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they are opening up their businesses, their buildings and they are saying, let's invite young artists in and let's have these artists go at it in great very visually stunning storefronts. >> this is a pilot project that was started by the mayor as part of his local stimulus plan in partnership with the mayor's office of economic and work- force development. we carried this space in the mission. we were hired to curate this project. we have been the ones that have been handling all of the day to day working with the artists helping to secure their locations. >> we are doing projects in central market, the tenderloin, the bayview, and the 24th street corridor. >> we are looking at the history
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of the neighborhood and their ability to translate a the kind of things that go on on a day- to-day basis. >> we have over 200 applicants. it was wonderful to see how many people participated. these people clearly understand the neighborhood. >> this is a very unique neighborhood. it has always been involved in the arts from early on. of they have seen a lot of the art and what it has done to the neighborhoods. i think that they will still connected to it. they will actually embrace it. i think it will be a good thing for all of us. >> if you are walking in the tenderloin, you'll be able to see this piece that is in front of the original [inaudible] which is a restaurant that has a
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lot of history. there are exciting projects on market streets. there are two gorgeous minerals as well as six different installations. they are making huge figures that they will be able to see. >> there is a definite level of appropriateness of stuff i am using. a lot of businesses died in 2009. >> i think i'm trying to deal with the maximum out of space possible. that is surging right now. everyone is doing what they can with what they have. sometimes that introduces a lot of interesting things. there is nothing that inspires quite like this. >> the project benefits both the
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property owner, the neighborhood, and the artists, all of whom have been effected by the economic downturn. >> this is brand new work. >> we chose artists that had a diverse array of media from home video to coulter, paintings. >> when people walk around these neighborhoods, they will be able to see works that deal with the history of the neighborhood. they will see works that deal with movement and the works that celebrate some locations. they will be able to see works of that deal with new projects like the san francisco film museum which is a small organization that is starting. this is their first presentation to the public. >> this has introduced us to
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different organizations. they are building our portfolio. our project centers on a film that was found in 1906. shortly afterwards, the earthquake destroyed the majority of the market street area. that is what we want to focus on. this is dedicated to film and san francisco history. >> we are having a support network now, this enhances our mission and what we are trying to do it and it will protect us forward. >> i hope that we continue. there are storefronts all over the city. we have been approached by many of them. it is about getting the resources together. >> this calley is working with the san francisco arts commission and building a tool kit. >> this will be an open source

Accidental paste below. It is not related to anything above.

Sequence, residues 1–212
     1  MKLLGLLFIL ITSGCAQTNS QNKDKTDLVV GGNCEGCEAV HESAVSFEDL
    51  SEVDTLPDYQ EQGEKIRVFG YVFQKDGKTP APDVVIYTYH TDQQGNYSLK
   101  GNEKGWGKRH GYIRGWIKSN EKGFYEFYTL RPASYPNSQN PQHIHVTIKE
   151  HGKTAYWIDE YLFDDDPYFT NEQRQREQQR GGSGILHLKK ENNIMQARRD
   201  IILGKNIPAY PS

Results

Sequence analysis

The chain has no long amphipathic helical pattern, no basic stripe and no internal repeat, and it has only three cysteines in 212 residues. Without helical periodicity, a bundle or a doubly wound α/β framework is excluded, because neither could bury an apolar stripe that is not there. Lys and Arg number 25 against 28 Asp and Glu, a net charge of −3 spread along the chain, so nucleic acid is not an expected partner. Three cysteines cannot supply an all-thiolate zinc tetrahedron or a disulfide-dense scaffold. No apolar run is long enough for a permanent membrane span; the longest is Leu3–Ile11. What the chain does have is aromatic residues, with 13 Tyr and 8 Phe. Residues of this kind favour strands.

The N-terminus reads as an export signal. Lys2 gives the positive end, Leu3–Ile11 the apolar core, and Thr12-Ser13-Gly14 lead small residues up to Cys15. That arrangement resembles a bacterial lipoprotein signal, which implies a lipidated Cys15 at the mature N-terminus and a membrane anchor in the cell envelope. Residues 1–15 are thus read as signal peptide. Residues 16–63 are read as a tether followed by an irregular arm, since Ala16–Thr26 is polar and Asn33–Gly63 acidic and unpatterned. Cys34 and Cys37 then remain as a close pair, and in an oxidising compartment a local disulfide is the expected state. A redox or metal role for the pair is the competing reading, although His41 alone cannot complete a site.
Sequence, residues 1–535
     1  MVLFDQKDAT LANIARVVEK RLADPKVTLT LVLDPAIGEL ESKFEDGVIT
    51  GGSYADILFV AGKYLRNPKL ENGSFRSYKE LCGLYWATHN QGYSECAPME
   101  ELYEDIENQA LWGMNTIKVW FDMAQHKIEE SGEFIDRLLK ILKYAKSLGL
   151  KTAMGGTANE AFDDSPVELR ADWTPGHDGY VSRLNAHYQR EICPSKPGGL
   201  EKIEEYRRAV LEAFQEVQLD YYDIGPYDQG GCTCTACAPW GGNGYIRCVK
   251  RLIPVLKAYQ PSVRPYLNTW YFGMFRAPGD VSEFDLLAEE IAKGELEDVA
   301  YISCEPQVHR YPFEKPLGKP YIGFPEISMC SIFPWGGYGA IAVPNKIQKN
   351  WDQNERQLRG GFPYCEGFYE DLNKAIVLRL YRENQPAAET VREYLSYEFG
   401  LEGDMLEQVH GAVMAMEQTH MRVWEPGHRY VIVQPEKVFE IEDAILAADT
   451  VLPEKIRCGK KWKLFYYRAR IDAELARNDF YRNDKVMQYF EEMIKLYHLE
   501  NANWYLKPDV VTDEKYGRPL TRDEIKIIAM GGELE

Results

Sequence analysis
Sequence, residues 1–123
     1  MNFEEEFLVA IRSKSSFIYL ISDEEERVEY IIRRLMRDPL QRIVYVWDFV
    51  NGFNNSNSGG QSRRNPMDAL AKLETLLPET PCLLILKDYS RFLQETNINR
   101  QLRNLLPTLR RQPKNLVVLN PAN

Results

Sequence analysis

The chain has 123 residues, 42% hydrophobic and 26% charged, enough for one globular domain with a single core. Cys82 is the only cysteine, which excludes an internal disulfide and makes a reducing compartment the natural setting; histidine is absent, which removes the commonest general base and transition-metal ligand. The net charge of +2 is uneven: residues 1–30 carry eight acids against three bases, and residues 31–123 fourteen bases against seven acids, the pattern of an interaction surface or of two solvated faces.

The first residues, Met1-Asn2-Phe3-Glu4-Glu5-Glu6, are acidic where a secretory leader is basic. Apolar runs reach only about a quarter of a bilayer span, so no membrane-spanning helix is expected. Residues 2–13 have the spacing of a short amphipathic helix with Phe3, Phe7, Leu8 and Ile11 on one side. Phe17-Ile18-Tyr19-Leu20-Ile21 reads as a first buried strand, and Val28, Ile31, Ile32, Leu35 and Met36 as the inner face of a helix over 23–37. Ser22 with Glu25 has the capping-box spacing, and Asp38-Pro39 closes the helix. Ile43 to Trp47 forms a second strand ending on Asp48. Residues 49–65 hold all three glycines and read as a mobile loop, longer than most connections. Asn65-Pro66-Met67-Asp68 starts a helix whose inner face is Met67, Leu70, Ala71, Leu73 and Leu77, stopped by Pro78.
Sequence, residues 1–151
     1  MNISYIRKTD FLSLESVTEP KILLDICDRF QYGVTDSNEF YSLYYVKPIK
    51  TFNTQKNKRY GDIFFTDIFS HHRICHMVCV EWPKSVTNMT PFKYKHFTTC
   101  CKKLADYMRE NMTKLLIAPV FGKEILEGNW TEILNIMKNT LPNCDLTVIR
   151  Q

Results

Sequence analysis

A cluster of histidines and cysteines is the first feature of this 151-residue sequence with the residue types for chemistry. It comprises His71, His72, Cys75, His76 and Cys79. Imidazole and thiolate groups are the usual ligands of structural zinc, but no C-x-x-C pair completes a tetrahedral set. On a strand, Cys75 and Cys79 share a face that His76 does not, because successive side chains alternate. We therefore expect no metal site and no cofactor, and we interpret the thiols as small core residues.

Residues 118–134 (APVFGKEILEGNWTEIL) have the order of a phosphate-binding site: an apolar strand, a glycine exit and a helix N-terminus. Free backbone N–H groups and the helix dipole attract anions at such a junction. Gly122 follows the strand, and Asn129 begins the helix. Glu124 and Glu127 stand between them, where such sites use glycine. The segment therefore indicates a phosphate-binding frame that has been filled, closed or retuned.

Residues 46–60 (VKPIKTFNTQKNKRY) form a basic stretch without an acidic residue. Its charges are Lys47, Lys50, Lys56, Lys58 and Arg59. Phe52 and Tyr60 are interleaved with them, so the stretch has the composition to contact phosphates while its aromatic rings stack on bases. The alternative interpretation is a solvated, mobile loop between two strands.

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body of information. people can download the different things that we had to do with the artists. negotiations with the property owners. there is also the artist selection. people can take it in their own hands to put art in the storefront.
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>> as the city of san francisco has grown, there are a number of cultural organizations that have grown with it. the san francisco symphony, the ballet, and ensure we are
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celebrating the 75th anniversary of the san francisco museum of modern art's. one of the things many of our viewers may not understand about museums is the way they grow and evolve is really about a broad. his patient and support from many individuals who give their collections -- and broad support from many individuals who give their collections to the museum. this year it will be celebrating and abolishing those individuals through exhibition -- and acknowledging those individuals throughout asia. joining me is janet bishop, the curator. i understand you have been with the museum quite a number of years. you remember its original home on van ness. now you are part of that transition to the center, the
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civic center, and of course your museum has been really the anchor of cultural tenants that has helped us transform this area of the city. >> to my mind, it is wonderful to be part of such a rich cultural community. when visitors come to this area, that have so many different options. >> let's talk about the anniversary show, which will be a phenomenal opportunity for san franciscans and all visitors of the city to get a real sense of how the city has grown and the importance of culture. >> we focus on moments where it was involved in pushing the dialogue about contemporary art forward. the jackson pollock exhibition in 1945 is a perfect example of that. our founding director was deeply interested in abstraction and was engaged in dialogue with the